What will the inhabitants of Earth be like over the next 100,000 years? Will they even be human, or some other civilization of animal or alien being? These questions are at the heart of Into Eternity, a beautiful and extremely fascinating Danish documentary about ONKALO, the ambitious nuclear waste repository near Olkiluoto, Finland, which will bury thousands of tons of spent uranium from a local power plant in an extensive underground tunnel system.
Directed by conceptual artist/filmmaker Michael Madsen (no, not the "Mr. Blonde" one) and co-written by Jesper Bergman, the film plays like science fiction, but it's alarmingly contemporary. For us, anyways, but Into Eternity is structured as if it's not intended for a modern audience. It's a relic-to-be. In an eerie narration, Madsen addresses future viewers, whether or not they will understand his English-spoken warnings and questions, urging them not to curiously venture into the tunnels as if it were an archaeological find, like the Egyptian pyramids.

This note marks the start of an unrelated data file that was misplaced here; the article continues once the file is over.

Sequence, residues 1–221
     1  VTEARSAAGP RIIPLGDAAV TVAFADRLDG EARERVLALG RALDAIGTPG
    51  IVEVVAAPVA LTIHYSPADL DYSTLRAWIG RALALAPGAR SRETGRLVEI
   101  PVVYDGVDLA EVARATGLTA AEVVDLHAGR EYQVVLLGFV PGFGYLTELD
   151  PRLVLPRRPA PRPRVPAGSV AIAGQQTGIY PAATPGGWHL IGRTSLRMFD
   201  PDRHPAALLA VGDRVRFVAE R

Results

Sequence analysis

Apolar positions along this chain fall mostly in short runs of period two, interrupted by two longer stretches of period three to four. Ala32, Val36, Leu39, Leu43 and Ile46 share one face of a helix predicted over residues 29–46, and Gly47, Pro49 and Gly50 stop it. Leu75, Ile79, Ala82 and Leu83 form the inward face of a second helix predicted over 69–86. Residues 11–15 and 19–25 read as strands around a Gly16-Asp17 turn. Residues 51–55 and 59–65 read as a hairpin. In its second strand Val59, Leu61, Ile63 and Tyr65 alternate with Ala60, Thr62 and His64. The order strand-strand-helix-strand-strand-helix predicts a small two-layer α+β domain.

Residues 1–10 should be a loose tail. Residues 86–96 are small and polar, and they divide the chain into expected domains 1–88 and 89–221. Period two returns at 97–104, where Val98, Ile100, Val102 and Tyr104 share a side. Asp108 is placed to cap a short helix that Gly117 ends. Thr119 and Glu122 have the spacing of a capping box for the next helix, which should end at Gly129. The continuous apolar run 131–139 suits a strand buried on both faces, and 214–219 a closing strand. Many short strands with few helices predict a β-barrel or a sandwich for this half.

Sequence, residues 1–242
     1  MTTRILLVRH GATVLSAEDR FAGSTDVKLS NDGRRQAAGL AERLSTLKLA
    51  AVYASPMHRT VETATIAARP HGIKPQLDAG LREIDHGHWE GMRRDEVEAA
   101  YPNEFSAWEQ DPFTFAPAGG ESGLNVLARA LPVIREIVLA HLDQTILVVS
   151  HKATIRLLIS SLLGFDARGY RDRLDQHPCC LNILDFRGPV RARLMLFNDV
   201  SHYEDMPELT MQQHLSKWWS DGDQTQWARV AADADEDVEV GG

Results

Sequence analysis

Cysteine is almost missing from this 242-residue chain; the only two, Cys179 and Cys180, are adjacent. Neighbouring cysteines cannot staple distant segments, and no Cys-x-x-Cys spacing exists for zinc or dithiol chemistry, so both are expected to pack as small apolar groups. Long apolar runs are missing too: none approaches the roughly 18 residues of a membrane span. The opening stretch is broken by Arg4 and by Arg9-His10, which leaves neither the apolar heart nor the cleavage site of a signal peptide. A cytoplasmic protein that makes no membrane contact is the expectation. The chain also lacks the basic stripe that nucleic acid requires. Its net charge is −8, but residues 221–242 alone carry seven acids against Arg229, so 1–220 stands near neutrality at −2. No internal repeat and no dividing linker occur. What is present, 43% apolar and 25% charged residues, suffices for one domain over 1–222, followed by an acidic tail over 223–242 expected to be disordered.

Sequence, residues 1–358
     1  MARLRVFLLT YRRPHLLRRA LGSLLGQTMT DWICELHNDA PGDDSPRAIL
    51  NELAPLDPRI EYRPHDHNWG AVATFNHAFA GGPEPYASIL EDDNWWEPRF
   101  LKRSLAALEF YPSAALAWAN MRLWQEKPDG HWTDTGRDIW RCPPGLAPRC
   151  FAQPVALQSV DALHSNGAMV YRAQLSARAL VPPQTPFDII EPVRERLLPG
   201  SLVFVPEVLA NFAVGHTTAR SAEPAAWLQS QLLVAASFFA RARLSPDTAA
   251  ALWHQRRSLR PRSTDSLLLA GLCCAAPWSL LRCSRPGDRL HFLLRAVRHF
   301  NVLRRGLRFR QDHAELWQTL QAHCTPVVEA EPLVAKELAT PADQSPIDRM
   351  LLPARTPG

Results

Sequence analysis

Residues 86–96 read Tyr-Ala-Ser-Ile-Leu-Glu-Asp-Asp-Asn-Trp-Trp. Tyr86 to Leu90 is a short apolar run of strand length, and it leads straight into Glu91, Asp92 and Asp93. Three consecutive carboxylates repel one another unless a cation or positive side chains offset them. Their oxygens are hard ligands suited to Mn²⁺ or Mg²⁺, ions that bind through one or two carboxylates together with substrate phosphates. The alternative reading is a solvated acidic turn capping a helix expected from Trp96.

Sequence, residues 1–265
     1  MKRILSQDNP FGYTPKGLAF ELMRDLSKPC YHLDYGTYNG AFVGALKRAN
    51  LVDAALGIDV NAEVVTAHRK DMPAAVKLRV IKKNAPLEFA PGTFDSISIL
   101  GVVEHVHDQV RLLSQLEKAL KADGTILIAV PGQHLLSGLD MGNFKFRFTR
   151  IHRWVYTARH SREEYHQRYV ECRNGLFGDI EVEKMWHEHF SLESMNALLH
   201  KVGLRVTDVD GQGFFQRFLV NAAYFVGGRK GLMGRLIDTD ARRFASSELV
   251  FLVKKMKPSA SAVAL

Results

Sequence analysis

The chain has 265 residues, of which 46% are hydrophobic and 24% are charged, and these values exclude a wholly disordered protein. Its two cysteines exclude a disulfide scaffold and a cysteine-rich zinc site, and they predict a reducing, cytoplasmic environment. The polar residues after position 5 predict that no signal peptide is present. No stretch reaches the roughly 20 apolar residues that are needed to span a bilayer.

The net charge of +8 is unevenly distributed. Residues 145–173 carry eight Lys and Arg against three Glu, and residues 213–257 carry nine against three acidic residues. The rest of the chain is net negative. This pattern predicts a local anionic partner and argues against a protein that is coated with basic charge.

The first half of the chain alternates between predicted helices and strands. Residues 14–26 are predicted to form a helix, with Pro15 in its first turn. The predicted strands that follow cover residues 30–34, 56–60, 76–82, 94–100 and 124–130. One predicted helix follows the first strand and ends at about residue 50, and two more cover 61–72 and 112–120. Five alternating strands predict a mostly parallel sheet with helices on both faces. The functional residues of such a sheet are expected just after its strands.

Yet in asking the hypothetical later audience about what has happened to the human race and the Earth itself, wondering if another ice age has come, if the world is less populated, etc., the film really directs such contemplation at the present -- both at those of us in the audience and the scientists and planners interviewed onscreen. Among the many issues of safety, the most interesting regards the communication of ONKALO's existence to later generations and societies. Will markers with modern words or currently understood symbols and imagery be useful to a people or creatures with unimaginably different or evolved language? Could an oral tradition of continually passed-on and presumably modified warnings be trusted?